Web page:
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Les Filles d’Isabelle à Sturgeon Falls : 75 ans d’Unité, Amitié, Charité
by Isabel Mosseler
There are a lot of plastics in local blue boxes that cannot, in fact, be recycled, and Thérèse Boivin of Sturgeon Falls wants to correct that. Putting the wrong kind of plastics into the blue box program requires extra sorting by staff, and thus slows down the process and reduces revenues, costing everyone extra tax dollars. Boivin, who lives in the West Nipissing Centre retirement community, has taken the initiative to help her fellow residents clearly understand what goes into the blue box, and what doesn’t. She’s making posters for different areas in the building to illustrate the difference between recyclable plastics and the non-recyclables. The 82-year-old says she’s not an activist, and she doesn’t want a soapbox, she just wants to aide the process and decided to do something about it.
Opening the door to the recycling facility on the main floor of the 4-storey building, she says, “This is where they separate the stuff, and the garbage goes in there too. The guy that works here picks up from all the floors… [Residents] put waste into some of the containers, but there are things they put in that shouldn’t go there. I’m trying to get the stuff that doesn’t go in there out… They put in milk cartons all the time, and juice cartons, and these don’t go in because they are waxed.”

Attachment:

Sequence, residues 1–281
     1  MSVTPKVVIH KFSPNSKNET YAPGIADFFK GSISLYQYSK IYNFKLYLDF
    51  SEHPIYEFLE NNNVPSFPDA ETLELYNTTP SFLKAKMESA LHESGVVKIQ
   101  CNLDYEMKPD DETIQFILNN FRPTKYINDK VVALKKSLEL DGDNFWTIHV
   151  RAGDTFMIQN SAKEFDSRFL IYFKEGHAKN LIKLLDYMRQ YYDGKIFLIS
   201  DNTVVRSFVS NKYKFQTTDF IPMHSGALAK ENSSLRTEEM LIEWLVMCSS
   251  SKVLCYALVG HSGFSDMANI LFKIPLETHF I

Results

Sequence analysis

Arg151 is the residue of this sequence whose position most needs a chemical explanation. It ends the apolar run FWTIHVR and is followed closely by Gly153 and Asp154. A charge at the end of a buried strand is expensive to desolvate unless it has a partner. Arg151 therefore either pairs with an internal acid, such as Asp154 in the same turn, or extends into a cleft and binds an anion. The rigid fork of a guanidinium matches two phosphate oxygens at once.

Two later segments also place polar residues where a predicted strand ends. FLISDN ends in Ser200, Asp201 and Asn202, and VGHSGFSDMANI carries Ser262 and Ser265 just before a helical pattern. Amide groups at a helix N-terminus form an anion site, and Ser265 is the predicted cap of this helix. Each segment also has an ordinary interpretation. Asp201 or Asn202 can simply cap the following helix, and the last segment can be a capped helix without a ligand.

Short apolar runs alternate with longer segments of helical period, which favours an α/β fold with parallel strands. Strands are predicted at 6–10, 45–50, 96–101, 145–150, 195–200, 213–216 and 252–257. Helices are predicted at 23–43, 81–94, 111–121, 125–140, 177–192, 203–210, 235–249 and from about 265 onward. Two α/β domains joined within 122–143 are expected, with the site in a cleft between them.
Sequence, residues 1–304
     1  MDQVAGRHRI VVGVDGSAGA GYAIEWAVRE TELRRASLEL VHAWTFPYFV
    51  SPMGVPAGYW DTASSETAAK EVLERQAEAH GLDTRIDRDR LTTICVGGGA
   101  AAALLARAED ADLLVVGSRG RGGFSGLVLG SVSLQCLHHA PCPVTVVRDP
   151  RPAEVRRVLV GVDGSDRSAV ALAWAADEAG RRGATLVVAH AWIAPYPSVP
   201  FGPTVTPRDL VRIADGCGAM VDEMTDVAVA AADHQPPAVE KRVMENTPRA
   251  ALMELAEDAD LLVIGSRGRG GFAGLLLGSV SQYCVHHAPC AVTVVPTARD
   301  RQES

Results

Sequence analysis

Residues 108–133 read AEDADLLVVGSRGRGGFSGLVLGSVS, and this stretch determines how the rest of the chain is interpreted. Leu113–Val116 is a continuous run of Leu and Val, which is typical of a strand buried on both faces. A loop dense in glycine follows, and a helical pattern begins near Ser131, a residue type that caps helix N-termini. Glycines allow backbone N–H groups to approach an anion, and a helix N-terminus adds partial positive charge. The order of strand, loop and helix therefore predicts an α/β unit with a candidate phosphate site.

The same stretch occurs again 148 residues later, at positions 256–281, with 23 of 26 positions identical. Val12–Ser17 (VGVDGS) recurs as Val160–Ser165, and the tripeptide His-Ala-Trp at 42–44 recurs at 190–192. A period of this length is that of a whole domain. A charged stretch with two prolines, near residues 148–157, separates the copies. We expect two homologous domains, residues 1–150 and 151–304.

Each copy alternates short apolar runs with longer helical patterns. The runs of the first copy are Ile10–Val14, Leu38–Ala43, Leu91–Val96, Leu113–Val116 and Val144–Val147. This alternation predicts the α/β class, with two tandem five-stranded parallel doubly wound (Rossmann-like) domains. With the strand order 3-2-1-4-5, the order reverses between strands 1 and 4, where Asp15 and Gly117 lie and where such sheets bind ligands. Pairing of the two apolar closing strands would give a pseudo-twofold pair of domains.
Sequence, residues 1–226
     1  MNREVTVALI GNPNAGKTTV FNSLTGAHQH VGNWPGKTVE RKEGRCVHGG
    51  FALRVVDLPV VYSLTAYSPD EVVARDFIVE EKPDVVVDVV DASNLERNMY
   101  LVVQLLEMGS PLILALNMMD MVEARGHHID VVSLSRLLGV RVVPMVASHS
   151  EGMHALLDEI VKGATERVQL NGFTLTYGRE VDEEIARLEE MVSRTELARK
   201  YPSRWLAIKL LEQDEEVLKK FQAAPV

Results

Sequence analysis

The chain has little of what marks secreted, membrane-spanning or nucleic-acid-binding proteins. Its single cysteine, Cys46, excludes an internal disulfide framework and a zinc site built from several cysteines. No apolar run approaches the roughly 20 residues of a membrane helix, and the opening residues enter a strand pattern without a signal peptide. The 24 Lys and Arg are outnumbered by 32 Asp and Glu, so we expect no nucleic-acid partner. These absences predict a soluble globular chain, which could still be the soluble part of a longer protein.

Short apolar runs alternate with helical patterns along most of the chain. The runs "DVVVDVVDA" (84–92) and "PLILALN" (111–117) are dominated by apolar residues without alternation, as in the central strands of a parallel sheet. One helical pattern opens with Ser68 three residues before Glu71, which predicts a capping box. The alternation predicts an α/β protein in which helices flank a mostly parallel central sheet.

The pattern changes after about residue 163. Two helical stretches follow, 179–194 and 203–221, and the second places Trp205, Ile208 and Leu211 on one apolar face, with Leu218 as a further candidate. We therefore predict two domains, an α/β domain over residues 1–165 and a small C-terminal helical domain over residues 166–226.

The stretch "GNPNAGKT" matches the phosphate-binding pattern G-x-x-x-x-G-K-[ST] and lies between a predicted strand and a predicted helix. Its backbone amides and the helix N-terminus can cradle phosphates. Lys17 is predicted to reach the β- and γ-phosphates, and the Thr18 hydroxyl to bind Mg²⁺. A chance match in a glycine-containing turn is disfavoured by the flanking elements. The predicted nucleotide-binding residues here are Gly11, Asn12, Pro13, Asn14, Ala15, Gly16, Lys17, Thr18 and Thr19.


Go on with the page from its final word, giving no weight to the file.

Boivin recently read about the WN recycling process, saw the mistakes being made in her own building, and called Jason Sullivan, manager of WN Environmental Services, to consult with him on how to improve things. “I’ve always been interested in the environment, for many years, and when the article came out in the Tribune, it pushed me to think about doing something… I have faith that if people know what they can recycle, they will do it. But to think all plastic goes in; it’s not true. I thought to make lists and laminate them and put them on the doors of recycling places. …That’s why I wanted to see Jason [Sullivan]. I had some things [on the list] that shouldn’t be there and some that should be put in. I’m making it in French and English, and then I will put the non-recyclables in red so they will see it.”
Boivin was herself surprised at some of the things that do not go into recycling. “Metal - I thought the mason jar covers, but they don’t go in! The plastic containers when you buy tomato plants – non-recyclable! Dishes, glasses to drink, made out of glass – non-recyclable. It’s just the jars that are recyclable, containing olives, whatever. I guess the glass is tempered differently maybe? I don’t know.” What Boivin does know is that inefficient recycling costs everyone. “Recycling properly saves money; it’s not so labour intensive and saves on tax dollars and everybody benefits.”
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